UK land-based casinos and Gambling Commission score well in latest FATF evaluation report

The Financial Action Task Force (“FATF”) has published its Fourth Round Mutual Evaluation Report that summarises the anti-money laundering and counter-terrorist financing (“AML/CFT”) measures in place in the United Kingdom as at the date of its assessors’ on-site visit from 5 to 23 March 2018.

It analyses levels of compliance with the FATF Recommendations and the level of effectiveness of the UK’s AML/CFT system, and provides recommendations on how the system could be strengthened.

Included within its findings are that the UK:

  • has a robust understanding of its ML/TF risks which is reflected in its public national risk assessments,
  • has implemented an AML/CFT system that is effective in many respects,
  • proactively investigates, prosecutes and convicts a range of TF activity, in line with its identified risks in this area, and
  • routinely and aggressively identifies, pursues and prioritises ML investigations and prosecutions


  • needs to strengthen its supervision (save in the gambling sector) and increase the resources of its financial intelligence unit.

The FATF assessors ranked each of the regulated sectors on the basis of their relative importance in the UK context, given their respective materiality and level of ML/TF risks. Both UK land-based casinos and the Gambling Commission (their supervisor for AML/CFT compliance under the UK regime) have scored well in the report, it being recorded that:

  • in relation to casinos:
    • “overall, the ML and TF risks in the gambling sector are judged to be low” and
    • the “casinos sector appears to have a good understanding of their risks and are applying sufficient mitigation measures” 


  • in relation to the Gambling Commission:
    • “the statutory supervisors (FCA, HMRC and the Gambling Commission) and the largest legal sector supervisor (which supervises around 90% of solicitors in the UK) have a stronger understanding of the ML/TF risks present in the sectors than the other 22 professional bodies that supervise most accountants and the remainder of the legal sector” and
    • “each supervisor takes a slightly different approach to risk-based supervision. While positive steps have been taken, there are significant weaknesses in the risk-based approach to supervision among all supervisors, with the exception of the Gambling Commission”.

The FATF report goes on to emphasise that “all supervisors should continue to ensure, in accordance with the increased trend for levying penalties, that proportionate, dissuasive and effective sanctions are applied for violations of AML/CFT and sanctions obligations”.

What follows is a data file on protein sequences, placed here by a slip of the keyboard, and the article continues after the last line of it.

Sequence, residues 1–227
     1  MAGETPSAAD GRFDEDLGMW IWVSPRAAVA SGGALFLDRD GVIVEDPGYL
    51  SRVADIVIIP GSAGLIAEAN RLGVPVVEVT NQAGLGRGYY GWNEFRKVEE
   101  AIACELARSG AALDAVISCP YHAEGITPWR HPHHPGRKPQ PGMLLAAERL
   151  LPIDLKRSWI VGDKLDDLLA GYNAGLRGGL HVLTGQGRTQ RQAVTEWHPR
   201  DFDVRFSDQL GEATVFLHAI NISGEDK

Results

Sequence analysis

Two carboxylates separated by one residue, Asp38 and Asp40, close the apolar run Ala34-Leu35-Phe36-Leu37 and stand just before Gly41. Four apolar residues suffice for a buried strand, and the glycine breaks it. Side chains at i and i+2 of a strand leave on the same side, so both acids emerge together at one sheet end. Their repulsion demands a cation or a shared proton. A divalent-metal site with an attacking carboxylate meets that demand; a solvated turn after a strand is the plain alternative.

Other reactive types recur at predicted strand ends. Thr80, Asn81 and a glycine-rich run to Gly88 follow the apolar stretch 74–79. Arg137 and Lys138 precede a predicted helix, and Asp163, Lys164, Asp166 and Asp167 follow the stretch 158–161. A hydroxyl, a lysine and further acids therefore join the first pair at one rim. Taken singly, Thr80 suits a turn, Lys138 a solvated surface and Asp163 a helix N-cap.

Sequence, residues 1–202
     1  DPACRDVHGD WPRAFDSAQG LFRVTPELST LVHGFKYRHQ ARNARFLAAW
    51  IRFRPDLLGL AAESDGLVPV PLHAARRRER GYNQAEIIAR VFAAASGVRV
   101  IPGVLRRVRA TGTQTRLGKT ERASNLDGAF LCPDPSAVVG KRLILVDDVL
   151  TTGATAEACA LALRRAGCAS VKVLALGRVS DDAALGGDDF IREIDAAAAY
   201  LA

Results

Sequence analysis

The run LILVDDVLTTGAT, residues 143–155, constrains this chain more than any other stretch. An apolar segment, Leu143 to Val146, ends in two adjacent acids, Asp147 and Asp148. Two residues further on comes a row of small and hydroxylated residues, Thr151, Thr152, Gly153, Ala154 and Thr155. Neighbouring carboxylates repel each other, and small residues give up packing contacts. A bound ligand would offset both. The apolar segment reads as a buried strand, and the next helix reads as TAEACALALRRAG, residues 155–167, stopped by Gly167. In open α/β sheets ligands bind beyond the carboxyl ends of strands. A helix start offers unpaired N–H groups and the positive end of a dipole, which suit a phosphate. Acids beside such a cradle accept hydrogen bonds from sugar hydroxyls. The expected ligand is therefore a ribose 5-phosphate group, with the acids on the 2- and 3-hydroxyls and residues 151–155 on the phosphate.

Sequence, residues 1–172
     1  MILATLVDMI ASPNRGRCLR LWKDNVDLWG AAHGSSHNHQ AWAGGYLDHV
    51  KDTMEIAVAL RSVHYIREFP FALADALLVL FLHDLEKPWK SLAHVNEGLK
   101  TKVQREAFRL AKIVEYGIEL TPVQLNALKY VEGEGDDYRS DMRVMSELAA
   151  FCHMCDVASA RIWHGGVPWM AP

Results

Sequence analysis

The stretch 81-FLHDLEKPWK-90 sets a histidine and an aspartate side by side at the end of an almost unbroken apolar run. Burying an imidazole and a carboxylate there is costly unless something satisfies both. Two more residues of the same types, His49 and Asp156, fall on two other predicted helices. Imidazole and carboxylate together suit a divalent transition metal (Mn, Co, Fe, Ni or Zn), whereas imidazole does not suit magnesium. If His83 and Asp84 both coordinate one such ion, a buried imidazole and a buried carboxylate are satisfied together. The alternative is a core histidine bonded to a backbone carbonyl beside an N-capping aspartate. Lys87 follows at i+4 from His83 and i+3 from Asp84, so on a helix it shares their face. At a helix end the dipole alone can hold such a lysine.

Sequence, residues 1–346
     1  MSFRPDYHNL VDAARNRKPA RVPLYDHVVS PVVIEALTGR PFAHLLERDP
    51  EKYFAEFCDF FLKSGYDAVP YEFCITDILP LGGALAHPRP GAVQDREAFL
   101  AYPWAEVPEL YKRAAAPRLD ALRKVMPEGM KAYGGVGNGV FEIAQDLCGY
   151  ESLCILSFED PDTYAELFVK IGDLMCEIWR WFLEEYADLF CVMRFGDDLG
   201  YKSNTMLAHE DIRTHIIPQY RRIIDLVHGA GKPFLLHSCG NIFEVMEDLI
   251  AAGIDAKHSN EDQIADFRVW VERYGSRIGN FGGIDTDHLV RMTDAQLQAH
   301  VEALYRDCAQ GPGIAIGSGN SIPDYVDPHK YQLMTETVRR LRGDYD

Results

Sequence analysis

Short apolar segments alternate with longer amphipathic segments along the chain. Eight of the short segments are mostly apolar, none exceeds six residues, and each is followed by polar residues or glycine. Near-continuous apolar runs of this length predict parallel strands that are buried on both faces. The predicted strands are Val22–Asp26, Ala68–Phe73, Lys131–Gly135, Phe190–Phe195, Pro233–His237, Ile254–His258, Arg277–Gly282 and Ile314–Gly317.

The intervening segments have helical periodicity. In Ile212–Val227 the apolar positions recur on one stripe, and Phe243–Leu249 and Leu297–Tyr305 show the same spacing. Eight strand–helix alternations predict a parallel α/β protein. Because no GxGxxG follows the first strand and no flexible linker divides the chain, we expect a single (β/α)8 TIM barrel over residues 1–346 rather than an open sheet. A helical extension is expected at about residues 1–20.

1  Casinos

We set out below relevant extracts from the FATF report that relate to its specific findings about casinos (both land-based and online, the latter of which do receive some criticism):

Understanding of ML/TF risks and AML/CFT obligations

Casinos met during the on-site visit were aware of the NRA and the Gambling Commission’s ML/TF risk assessment. The Gambling Commission has recently undertaken a review of remote gambling operators (for example, online services) which identified weakness in development of risk assessments by the sector. The Gambling Commission has taken steps to mitigate these weaknesses through enforcement action against the operators, visits to Malta and Gibraltar to inspect some of the operators, changes to their compliance approach and the publication of a letter to the online operators setting out the risks and weaknesses (with recommendations for action to mitigate the identified weaknesses).

Application of risk mitigating measures

Interviewed onshore and remote casinos appeared to have comprehensive risk mitigation controls in place designed to mitigate their risks. Large firms in particular are likely to have a stronger understanding and controls in place, in part due to robust supervision by their foreign regulators. There are issues in relation to controls by some remote casino operators that the Gambling Commission is actively targeting. The Gambling Commission’s findings in seven of nine firm onsite examinations revealed that the firms had non-compliant AML/CFT programs. This also evidences the need for improvement in understanding of risk and risk management controls in casinos. In 16 out of 27 cases, these weaknesses were resolved following Gambling Commission interventions, and, as mentioned above, the Commission is considering taking regulatory action against the remaining 11 firms.